You can avoid lugging a laptop everywhere installing your favorite apps on a USB flash drive and running them on any computer you want.
I’ll guide you in selecting a flash drive that’s best suited for portable software and tell you which apps you should install.
articles about silent and flawed upgrades involving Windows Update have made many people wonder whether they should really trust Microsoft’s installer.
Fortunately, there are alternatives to Windows Update that will keep your system fully patched without costing you a dime.
A silent update that Microsoft deployed widely in July and August is preventing the “repair” feature of Windows XP from completing successfully.
Ever since the Redmond company’s recent download of new support files for Windows Update, users of XP’s repair function have been unable to install the latest 80 patches from Microsoft.
Microsoft has confirmed Windows Secrets’
story that Windows Update periodically installs certain files even if you’ve selected a “do not install” option.
Many companies and individuals require prior notification before any files are changed, so I explain today how you can completely prevent silent installs, if you wish.
Readers of the Aug. 16
issue of Windows Secrets took our advice and used the Secunia Software
Inspector service in droves.
The results show that — even though our readers are more tech-savvy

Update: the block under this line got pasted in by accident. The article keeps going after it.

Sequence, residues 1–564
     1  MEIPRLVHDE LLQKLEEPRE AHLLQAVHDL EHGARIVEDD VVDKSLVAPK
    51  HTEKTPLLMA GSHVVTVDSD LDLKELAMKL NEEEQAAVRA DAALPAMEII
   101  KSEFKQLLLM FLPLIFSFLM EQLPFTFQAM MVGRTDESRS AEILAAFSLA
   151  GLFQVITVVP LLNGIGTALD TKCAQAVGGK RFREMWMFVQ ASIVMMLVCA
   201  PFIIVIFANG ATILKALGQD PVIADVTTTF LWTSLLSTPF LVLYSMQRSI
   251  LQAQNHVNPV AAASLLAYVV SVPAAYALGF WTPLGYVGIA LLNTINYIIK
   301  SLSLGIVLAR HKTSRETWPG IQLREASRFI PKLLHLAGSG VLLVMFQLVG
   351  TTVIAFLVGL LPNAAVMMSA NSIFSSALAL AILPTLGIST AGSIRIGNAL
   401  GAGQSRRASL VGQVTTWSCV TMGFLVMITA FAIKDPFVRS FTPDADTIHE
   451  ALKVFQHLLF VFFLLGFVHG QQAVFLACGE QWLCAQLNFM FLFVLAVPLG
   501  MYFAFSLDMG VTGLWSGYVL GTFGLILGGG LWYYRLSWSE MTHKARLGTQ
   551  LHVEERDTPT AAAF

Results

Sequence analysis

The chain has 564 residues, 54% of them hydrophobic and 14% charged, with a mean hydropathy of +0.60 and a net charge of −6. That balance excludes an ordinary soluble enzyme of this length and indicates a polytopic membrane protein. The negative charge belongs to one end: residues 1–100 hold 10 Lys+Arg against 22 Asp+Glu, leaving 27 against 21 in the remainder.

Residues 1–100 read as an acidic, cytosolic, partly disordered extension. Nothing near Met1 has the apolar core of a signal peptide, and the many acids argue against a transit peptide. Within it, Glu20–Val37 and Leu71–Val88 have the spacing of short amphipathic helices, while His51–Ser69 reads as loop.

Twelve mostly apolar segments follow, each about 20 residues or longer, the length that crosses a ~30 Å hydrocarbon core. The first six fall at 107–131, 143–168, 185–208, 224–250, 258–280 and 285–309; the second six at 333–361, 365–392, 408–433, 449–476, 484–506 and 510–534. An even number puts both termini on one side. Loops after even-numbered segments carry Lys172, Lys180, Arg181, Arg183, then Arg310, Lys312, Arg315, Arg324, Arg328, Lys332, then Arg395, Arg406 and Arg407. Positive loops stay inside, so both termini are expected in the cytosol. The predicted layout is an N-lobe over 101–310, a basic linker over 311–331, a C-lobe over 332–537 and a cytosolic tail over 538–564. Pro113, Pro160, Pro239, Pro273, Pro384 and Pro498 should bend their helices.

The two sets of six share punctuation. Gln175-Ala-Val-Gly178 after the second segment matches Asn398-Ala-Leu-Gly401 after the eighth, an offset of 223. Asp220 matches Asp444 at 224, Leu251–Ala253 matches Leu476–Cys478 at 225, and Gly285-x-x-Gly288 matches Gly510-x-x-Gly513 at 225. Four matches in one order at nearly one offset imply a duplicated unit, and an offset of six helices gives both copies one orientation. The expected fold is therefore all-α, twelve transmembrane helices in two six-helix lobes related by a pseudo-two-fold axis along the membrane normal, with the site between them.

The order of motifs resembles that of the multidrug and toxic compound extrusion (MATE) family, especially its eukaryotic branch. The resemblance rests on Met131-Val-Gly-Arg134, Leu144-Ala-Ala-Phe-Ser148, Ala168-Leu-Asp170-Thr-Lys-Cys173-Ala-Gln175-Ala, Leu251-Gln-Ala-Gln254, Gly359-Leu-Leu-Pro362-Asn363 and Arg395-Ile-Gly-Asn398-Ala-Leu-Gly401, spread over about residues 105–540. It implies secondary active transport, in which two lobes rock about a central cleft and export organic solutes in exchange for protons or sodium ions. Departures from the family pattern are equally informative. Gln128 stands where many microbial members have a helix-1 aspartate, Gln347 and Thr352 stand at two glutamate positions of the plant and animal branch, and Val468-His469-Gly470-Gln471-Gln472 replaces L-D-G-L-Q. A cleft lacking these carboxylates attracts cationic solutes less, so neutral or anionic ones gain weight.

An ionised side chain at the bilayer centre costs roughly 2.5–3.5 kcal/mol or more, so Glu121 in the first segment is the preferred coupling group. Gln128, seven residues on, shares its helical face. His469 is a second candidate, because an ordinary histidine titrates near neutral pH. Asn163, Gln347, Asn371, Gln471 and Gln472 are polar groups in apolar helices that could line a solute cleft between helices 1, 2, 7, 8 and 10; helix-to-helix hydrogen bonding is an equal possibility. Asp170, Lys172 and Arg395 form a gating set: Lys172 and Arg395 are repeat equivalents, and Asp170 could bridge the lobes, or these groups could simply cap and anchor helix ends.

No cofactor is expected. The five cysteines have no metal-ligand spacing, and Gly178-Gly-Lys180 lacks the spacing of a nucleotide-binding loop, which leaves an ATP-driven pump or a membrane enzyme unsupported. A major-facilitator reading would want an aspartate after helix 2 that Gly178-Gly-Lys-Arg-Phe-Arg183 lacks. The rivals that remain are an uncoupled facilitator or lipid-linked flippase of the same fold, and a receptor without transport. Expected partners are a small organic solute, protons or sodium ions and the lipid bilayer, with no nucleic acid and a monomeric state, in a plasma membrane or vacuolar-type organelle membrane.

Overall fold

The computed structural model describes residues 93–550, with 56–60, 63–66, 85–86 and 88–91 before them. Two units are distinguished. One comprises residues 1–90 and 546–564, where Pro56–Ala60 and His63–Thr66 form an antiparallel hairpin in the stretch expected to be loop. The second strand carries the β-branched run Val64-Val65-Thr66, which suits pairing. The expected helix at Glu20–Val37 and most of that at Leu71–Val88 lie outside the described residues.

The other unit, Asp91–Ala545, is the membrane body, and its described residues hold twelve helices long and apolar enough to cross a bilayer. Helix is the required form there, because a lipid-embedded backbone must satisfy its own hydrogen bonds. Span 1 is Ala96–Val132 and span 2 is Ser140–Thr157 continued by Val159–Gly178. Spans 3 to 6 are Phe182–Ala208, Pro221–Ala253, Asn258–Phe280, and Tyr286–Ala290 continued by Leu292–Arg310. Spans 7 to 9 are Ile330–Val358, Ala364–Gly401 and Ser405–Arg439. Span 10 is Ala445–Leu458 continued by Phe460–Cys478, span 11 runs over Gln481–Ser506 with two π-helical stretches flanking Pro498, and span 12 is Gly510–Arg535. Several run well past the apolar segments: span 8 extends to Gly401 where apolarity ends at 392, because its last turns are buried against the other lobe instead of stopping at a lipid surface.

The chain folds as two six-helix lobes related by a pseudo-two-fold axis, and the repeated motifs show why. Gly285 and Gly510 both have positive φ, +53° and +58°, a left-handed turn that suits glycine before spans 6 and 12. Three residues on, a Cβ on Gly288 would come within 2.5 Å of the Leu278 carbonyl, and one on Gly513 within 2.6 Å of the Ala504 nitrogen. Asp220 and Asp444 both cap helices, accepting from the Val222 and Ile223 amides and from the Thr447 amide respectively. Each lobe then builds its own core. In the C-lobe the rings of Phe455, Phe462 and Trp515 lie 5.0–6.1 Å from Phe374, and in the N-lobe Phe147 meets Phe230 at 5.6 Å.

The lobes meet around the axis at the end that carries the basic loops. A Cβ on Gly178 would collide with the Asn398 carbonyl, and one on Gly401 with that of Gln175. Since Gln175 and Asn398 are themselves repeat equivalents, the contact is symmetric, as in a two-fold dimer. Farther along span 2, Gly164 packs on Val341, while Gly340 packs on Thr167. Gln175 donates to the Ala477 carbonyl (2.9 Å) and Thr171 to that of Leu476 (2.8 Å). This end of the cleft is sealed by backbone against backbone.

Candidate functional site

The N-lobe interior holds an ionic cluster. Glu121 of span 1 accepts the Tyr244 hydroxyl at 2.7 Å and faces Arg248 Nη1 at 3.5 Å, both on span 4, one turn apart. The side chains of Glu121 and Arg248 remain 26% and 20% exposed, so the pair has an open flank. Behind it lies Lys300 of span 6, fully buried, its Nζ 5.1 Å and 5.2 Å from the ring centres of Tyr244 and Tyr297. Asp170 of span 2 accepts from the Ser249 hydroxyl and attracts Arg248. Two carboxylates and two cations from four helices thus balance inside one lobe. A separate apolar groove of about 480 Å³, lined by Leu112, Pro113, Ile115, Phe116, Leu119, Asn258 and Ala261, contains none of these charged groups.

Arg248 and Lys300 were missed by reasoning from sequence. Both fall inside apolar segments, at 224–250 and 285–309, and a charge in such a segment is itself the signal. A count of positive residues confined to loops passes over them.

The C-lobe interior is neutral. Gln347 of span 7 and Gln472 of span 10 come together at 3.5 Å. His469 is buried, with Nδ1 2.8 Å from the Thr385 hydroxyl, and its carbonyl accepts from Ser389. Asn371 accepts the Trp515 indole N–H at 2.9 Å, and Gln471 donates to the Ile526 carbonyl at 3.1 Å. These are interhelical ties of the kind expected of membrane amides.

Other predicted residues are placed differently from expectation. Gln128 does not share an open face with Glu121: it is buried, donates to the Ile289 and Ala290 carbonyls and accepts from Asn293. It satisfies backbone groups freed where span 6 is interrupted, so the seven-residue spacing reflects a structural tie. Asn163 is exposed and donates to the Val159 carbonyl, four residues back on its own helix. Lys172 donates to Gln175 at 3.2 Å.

than the average computer user — thousands of you apparently still
use computers with unpatched software.
Windows users face the greatest security risks today
not from flaws in Windows itself but from unpatched media players.
That’s because many Windows Secrets readers, according to an online
test we sponsored, are running versions of Flash, Java, and QuickTime
that are unpatched against the latest security
You’ve heard of “adware” and “spyware” and the antispyware products
that are designed to eliminate them.
A third category of software — “rogue antispyware” — promotes
itself deceptively and yet is allowed to advertise on such major search
engines as Google, Yahoo, and Microsoft’s Live.com.
Vista users love to complain about the intrusiveness of User Account Control, but
it does provide a degree of security.
If you’re using Windows XP, I’ll show you what steps you can take to give
yourself a similar level of safety.
A Microsoft engineer slammed Vista’s ReadyBoost feature as the source
of a maddening bug, only to withdraw his charge the next day.
Whether or not ReadyBoost is to blame for the bug — which brings laptops to a crawl when resuming
from sleep or hibernation mode — the problem remains a mystery for many who use Vista.